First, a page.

An Artist’s Take on the Importance of Authenticity

[Editors Note: This is a guest blog written by Ellery Bonham, a TuneCore Artist performing as EZA. She’s acquired millions of streams across platforms, and you can check out her latest EP, Dead Reckoning, on Spotify here!]

 

When I was sixteen-years old I went on American Idol. (It was quick, seriously.) Back then in 2009, it had been a dream of mine since I was nine years old and Kelly Clarkson won the first season, closing the finale with that-song-we-say-we-hate-but-secretly-still-love, A Moment Like This. I don’t even think I auditioned hoping to win the show; what I really wanted was to see what three legitimate music professionals might think of me – a young girl from Rhode Island who grew up in a small town, a small church, and was raised by incredibly supportive, but very conservative parents. Outside of that world, I had no idea who I was, and I was finally at the age where I needed to find out if I really wanted to take music seriously.

When I arrived in California for ‘Hollywood Week’, it took about half of a second for me to realize I had nowhere near the self-awareness that the others did. After all, I was wearing clothes my mother and I deemed “nice” and “professional,” singing songs that were “sweet,” and “appropriate.” I was a singer, and just that. The other contestants were different. These people had ‘I-don’t-give-a-****’ hair and assertive style. They were the epitome of effervescence; their spirits bled with fearlessness and individuality.

I remember feeling so envious of the freedom that they allowed themselves. I wanted to know what it was like to wear clothes solely based on how confident they made me feel. I wanted to be on stage not to entertain, but to share a moment with the audience that could make a stranger feel known. I wanted to perform songs that expressed my soul rather than stroked my ego.

I never knew the difference between an ‘artist’ and a ‘singer’ until I met some of these people. Understanding the distinction was just the beginning of the agonizing journey of authenticity that lay ahead. When I finally returned home, I brought with me an understanding that branding and vulnerability were just as important as one’s talent in order to achieve success in this field. So a few years later, I moved to Nashville to study the entertainment industry and learn how to pursue a career as an artist.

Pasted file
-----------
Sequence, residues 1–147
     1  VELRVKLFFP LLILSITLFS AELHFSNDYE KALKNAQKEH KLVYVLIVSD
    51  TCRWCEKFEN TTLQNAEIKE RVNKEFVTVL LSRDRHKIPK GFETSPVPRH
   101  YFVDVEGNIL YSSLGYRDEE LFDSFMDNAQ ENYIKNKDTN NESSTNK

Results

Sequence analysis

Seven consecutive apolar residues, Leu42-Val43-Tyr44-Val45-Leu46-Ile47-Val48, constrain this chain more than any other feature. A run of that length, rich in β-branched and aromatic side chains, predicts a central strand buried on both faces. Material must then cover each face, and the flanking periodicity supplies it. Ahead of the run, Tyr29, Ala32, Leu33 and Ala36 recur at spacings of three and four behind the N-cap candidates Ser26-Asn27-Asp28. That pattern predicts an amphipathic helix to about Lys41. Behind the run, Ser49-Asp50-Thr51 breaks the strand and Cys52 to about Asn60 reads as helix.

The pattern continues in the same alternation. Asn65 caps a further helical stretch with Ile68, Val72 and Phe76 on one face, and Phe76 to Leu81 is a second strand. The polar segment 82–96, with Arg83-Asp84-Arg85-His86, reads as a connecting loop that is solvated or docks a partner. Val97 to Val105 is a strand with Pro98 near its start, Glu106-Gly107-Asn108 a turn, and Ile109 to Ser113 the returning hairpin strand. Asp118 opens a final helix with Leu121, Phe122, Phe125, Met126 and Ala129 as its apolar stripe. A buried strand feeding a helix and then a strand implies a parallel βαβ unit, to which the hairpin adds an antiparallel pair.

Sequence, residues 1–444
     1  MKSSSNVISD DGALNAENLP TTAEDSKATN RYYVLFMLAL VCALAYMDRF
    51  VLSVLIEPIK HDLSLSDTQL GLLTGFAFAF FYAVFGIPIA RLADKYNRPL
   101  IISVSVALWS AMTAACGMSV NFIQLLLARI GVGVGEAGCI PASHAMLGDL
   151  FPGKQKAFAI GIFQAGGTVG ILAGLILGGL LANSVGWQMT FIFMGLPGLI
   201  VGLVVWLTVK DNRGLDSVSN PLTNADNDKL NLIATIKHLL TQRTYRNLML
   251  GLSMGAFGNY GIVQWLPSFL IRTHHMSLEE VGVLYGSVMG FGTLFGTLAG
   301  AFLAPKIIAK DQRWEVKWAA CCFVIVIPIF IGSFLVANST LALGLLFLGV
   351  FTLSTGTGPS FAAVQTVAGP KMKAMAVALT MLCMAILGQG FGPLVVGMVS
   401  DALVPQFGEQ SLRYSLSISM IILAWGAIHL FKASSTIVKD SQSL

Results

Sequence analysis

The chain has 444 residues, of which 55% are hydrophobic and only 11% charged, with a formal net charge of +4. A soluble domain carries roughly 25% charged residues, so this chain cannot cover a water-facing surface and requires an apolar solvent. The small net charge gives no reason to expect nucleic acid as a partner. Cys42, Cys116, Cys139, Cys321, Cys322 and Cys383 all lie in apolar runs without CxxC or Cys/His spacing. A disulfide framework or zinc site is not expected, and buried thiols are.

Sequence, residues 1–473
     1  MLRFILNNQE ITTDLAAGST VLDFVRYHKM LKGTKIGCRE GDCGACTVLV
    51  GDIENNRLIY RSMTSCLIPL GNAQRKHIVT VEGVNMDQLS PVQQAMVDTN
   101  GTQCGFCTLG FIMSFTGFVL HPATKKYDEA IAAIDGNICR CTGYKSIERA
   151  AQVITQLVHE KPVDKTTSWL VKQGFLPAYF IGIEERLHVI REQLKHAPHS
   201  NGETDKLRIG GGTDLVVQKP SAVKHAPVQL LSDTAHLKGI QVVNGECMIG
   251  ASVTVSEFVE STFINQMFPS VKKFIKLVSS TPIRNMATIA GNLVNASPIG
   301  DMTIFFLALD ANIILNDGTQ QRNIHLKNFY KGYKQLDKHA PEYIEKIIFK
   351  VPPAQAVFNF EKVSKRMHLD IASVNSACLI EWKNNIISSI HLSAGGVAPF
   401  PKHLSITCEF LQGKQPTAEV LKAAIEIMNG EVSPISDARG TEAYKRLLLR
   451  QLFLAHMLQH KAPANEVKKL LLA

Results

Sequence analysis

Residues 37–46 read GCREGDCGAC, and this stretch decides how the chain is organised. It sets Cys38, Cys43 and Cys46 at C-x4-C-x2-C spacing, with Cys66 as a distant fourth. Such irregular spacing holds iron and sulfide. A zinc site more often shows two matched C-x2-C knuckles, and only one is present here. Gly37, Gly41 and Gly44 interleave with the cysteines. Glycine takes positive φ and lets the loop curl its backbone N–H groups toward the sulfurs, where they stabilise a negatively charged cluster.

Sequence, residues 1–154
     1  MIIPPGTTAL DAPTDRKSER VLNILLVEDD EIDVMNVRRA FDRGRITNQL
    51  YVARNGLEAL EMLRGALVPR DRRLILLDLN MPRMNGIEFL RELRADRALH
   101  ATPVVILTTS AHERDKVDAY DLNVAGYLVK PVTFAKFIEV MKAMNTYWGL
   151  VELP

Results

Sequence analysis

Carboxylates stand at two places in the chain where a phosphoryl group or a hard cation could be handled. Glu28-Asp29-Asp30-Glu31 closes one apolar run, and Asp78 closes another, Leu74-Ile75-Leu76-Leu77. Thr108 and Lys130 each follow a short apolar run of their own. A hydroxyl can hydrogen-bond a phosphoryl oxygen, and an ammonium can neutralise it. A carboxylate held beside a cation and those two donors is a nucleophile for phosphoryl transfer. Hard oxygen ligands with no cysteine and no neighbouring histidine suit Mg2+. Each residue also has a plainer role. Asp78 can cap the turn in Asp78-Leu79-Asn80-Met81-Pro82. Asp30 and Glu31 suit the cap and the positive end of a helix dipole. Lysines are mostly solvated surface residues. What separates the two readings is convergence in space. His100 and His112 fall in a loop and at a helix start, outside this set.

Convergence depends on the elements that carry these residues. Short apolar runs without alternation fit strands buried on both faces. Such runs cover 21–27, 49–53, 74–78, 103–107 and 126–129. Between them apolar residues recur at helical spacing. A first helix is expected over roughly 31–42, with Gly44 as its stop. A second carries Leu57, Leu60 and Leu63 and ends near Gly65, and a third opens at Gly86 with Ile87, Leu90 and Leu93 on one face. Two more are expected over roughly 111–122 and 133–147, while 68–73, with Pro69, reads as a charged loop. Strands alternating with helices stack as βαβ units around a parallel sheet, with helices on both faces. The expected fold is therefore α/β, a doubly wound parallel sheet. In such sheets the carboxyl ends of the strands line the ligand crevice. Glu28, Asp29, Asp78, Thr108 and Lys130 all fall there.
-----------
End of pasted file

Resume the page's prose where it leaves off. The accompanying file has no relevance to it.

I’m now about to be 24-years old, and EZA has been my artist project for three years. I’ve been doing it full-time for the past year-and-a-half, and have learned more about music business and authenticity than I ever thought I could handle. I can’t even count the number of times I have gotten my ass handed to me because I didn’t do my research, I jumped the gun, or tried to operate with my walls up. Talent aside, you cannot do this job if you’re uneducated about the field and you cannot do it as a fraud.

That is the kicker in this industry – why being an artist is the ultimate paradox: Creating music requires your heart, sustaining your career requires your mind, and each are constantly threatened by the the other. I think if anyone followed an indie artist around for a year, they wouldn’t believe how or why we still wake up every day and keep trying to find the balance.

Over the years, I’ve come to a really difficult conclusion that might slap you across the face just as hard as it’ll kiss you with encouragement: Those of us who master the heart and mind paradox will be successful. I truly believe if we are good enough at what we do (music and vulnerability) and want it bad enough (work ethic and business) we will find the success we are so desperately chasing.

I know that sounds too simple to be true, perhaps even too cold to be true. But it is. Many of us have been told that luck is half of what makes a person in the music industry successful. (It’s true that for some, luck helps speed the process along.) However, I don’t believe that we find luck so much as we make our own.

We cannot give up the wheel and stop taking responsibility for our own careers. Relying on anyone else to make you successful, or blaming something/someone for never becoming successful is simply a defense mechanism; it is a deflection to avoid taking matters into our own hands.The truth is, when you’re doing something right for long enough, it is impossible to go unnoticed. As Steve Martin says, “Be so good, they can’t ignore you.”

If you’ve never read The War of Art by Steven Pressfield, stop what you’re doing, open Amazon right now, order a copy- and then continue reading. More than anyone I’ve ever read, Pressfield puts words to every internal-struggle a creative individual has ever faced. He teaches the deception of “Resistance” and the different ways our mind tries to distract us from doing the very work we feel called to create. The entire book is a collection of small chapters that speak truth after truth about why we aren’t where we think we should be. Accepting that we are the only one in our way is a jagged pill to swallow, but there is also unimaginable freedom when we embrace it. In the end, those of us who strip away the B.S. and really figure out who we are and how to do it well are going to end up where we want to be.